Banks and mortgage companies typically treat payments Received within the grace period as having been received on the first. Consumer finance companies typically calculate interest on a daily basis through the day the payment is received.

Standard FNMA loan documents do not authorize daily interest

One of the most commonly used uniform promissory note forms employed by Fannie Mae and Freddie Mac is Form 3200, “Multistate Fixed Rate Note – Single Family – FNMA/FHLMC Uniform Instrument Form 3200 12/83,” that provides in pertinent part:

2. Interest

Interest will be charged on unpaid principal until the full amount of principal has been paid. I will pay interest at a yearly rate of %.

The Fannie Mae Servicing Guide, Part III, Ch. 1, § 101 (page 306) says that the language from Form 3200 means one-twelfth of annual interest with each monthly payment:

III, 101: Scheduled Mortgage Payments (09/30/96)

The interest portion of the fixed installment must be determined by computing 30 days’ interest on the outstanding principal balance as of the last paid installment date. For this calculation, always use the current interest accrual rate for the mortgage. Interest for second mortgages may be determined by a payment-to-payment calculation method if the mortgage instrument requires it. [Emphasis added.]

The Fannie Mae Servicing Guide, Part VI, Ch. 1, §102.01 (page 605) says much the same thing:

VI, 102.01: Interest Calculation (03/20/96)

Interest charged to the mortgagor should always be calculated on the outstanding principal balance of the mortgage as of the last paid installment date, using the current interest accrual rate. A full month’s interest should be calculated on the basis of a 360-day year, while a partial month’s interest should be based on a 365-day year.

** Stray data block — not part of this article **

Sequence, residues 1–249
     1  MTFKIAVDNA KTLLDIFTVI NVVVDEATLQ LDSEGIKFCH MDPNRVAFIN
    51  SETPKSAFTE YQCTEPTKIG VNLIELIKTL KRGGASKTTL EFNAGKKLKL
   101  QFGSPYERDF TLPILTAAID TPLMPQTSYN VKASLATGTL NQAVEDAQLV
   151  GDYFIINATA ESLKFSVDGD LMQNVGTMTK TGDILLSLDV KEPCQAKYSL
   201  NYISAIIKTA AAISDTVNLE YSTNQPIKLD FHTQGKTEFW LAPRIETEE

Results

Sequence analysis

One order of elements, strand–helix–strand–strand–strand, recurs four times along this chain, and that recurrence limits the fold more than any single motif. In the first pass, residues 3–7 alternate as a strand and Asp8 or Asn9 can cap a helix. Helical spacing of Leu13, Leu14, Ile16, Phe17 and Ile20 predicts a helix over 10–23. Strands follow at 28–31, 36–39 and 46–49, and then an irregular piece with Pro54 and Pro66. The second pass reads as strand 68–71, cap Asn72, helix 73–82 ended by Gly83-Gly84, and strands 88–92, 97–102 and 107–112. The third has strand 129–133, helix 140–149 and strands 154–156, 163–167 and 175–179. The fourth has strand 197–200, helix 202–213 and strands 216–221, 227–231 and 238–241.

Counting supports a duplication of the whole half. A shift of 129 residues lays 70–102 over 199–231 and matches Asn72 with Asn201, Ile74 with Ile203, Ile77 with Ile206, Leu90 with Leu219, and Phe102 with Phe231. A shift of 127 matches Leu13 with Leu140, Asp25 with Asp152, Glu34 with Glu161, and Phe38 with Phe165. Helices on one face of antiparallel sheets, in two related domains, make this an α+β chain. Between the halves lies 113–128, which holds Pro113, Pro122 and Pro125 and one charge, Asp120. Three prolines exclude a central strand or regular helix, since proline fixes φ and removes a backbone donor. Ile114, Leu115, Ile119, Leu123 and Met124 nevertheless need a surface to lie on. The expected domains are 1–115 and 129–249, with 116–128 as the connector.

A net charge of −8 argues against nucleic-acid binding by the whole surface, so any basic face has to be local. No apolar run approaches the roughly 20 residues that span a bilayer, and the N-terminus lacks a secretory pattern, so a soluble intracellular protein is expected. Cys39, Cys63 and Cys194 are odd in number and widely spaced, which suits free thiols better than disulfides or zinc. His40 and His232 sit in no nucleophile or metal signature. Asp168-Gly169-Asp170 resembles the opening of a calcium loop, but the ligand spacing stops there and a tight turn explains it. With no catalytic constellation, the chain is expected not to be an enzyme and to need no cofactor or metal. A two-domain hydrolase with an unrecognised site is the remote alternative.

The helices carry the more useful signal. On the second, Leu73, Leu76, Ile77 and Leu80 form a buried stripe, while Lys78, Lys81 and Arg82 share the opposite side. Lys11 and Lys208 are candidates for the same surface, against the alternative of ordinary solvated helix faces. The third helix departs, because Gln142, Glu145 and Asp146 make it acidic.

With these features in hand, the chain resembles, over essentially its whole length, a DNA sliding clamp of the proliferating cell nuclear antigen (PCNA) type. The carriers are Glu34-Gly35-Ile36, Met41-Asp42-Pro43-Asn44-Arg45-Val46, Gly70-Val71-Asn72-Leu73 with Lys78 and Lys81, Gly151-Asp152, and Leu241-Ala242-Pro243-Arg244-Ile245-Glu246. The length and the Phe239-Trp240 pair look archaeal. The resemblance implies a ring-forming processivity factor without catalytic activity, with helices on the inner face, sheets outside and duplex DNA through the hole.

Cases where a mortgage loan was transferred from one company to another and the new company began allocating more of the borrower’s payment to interest if it was received within the grace period but after the first. This typically happens where the loan is sold by a regular mortgage company to a consumer finance company. If a bank or mortgage company transfers a loan to a consumer finance company, the latter is not entitled to change the method of computing interest. The difference can amount to tens or hundreds of dollars per month.


All mortgages require the homeowner to insure the home against fire and casualty. If the homeowner fails to pay his insurance premiums (either directly or through an escrow account), the cheapest thing for the lender to do is to advance the premium and add it to the debt, thereby continuing coverage. Instead, some lenders “force place” their own insurance, which has much higher premiums. Often, a substantial portion of the premiums is paid as commissions to an affiliate of the lender.



Mortgage companies have a statutory obligation to respond to complaints and requests for explanations of accounts.


Short statutes of limitations: 1 year/ 2 years/ 3 years

Truth in Lending Act, 15 U.S.C. §§1601 et seq. (“TILA”), and FRB Regulation Z, 12 C.F.R. part 226, and Home Ownership & Equity Protection Act amendment, 15 U.S.C. §§1602(aa) and 1639 (“HOEPA”), 12 C.F.R. §§226.31, 226.32

Jurisdictional requirements

Is transaction “primarily” for personal, family or household purposes? Generally, what is determinative is use made of more than 50% of loan proceeds. Bokros v. Associates Finance, Inc., 607 F.Supp. 869 (N.D.Ill. 1984). Issues arise where loan is obtained to purchase a 2-4 unit building, 1 unit of which is occupied by the homeowner. Generally, a 2-flat should always be for “personal” use (because the money for the land and one dwelling unit will exceed 50% of the loan proceeds); the other situations present fact issues. If the purpose of acquiring the property was to obtain a residence and the borrower was not engaged in the business of owning property for rental or investment, the fact that the income from the additional units helped finance the acquisition should not be determinative.

The time at which the purpose is to be assessed is when the transaction was consummated. Miller v. McCalla, Raymer, Padrick, Cobb, Nichols, and Clark, L.L.C., 214 F.3d 872 (7th Cir. 2000).

Number of loans needed to make one a “creditor”: 5 real estate secured loans; 2 HOEPA loans; 26 other extensions of credit per annum.